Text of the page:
“But from my perspective, I’m not going to call a kid who has verbally committed. We believe that your word should be good. Once we give a kid our word, we are not going back. And we hope the player feels the same.” – Mel Pearson
Throughout Pearson’s tenure, Tech was among the schools that continued to adhere to the gentlemen’s agreement.
A common explanation for the rationale of the coaches that aligned themselves against the agreement was that the agreement protects programs, and coaches, that stockpile recruits. Towards the end of the Mike Eaves era at Wisconsin, Eaves had developed a reputation for doing exactly this with his Badger teams. Programs that stockpile recruits accumulate commitments from young prospects, hoping that several players will develop into highly skilled, impact players at the DI level. While this strategy undoubtedly leads to high-end talent landing with programs that stockpile, it also leads to players being cast aside by programs. If a better player commits to a team that already has a full class of recruits, it means that another committed player gets left behind by the program. To the consternation of many Michigan Tech fans, Pearson appeared to be stockpiling recruits at Tech towards the end of his time leading the program. This directly led to a difficult recruiting situation for new coach, Joe Shawhan, once he took the reins in 2017.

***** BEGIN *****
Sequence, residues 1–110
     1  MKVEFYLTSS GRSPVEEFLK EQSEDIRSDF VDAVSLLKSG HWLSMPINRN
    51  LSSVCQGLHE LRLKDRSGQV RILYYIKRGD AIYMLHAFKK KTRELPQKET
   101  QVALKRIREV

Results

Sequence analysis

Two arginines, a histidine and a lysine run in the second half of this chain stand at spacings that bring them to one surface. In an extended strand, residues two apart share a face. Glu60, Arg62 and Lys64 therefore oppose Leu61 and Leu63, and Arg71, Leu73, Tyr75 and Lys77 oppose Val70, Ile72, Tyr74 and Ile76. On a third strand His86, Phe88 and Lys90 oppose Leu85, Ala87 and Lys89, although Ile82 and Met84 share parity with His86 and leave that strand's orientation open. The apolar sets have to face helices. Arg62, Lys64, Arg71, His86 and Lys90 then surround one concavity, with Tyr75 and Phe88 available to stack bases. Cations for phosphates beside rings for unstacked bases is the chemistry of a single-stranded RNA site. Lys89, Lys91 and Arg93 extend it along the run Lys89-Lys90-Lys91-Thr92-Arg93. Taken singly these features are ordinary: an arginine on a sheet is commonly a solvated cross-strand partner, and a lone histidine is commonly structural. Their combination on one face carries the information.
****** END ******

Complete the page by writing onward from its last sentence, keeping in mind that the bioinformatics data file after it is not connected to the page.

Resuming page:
A few years have passed since the split between two factions (programs following the agreement, and programs ignoring the agreement) in DI hockey occurred. During the time that has passed, it has become obvious that the gentlemen’s agreement is decisively dead. Wisconsin has a new coaching regime in place, which seems to be continuing the tradition of stockpiling recruits. It also appears that Mel Pearson’s opinion on the gentlemen’s agreement changed once he accepted his current position with the University of Michigan. Within the last week Pearson secured a commitment from Jake Harrison, a recruit that was verbally committed to Michigan Tech. It is also important to note that Harrison committed to Tech after Joe Shawhan took the reins, so this is not a case of a recruit that previously committed to Pearson wanting to follow him to Ann Arbor.
The big, powerful DI hockey institutions seem to have benefited most from the dissolution of the gentlemen’s agreement. These programs have unmatched resources to commit to recruiting efforts, and they have turned their efforts to include both uncommitted players, and players committed to other programs. Within the last year, Michigan Tech has lost recruits to both Minnesota-Duluth and to Michigan. While it is impossible to determine the level of contact coaches had with recruits while they were committed to Michigan Tech, it would be foolish to dismiss the possibility, especially in the case of Pearson at Michigan.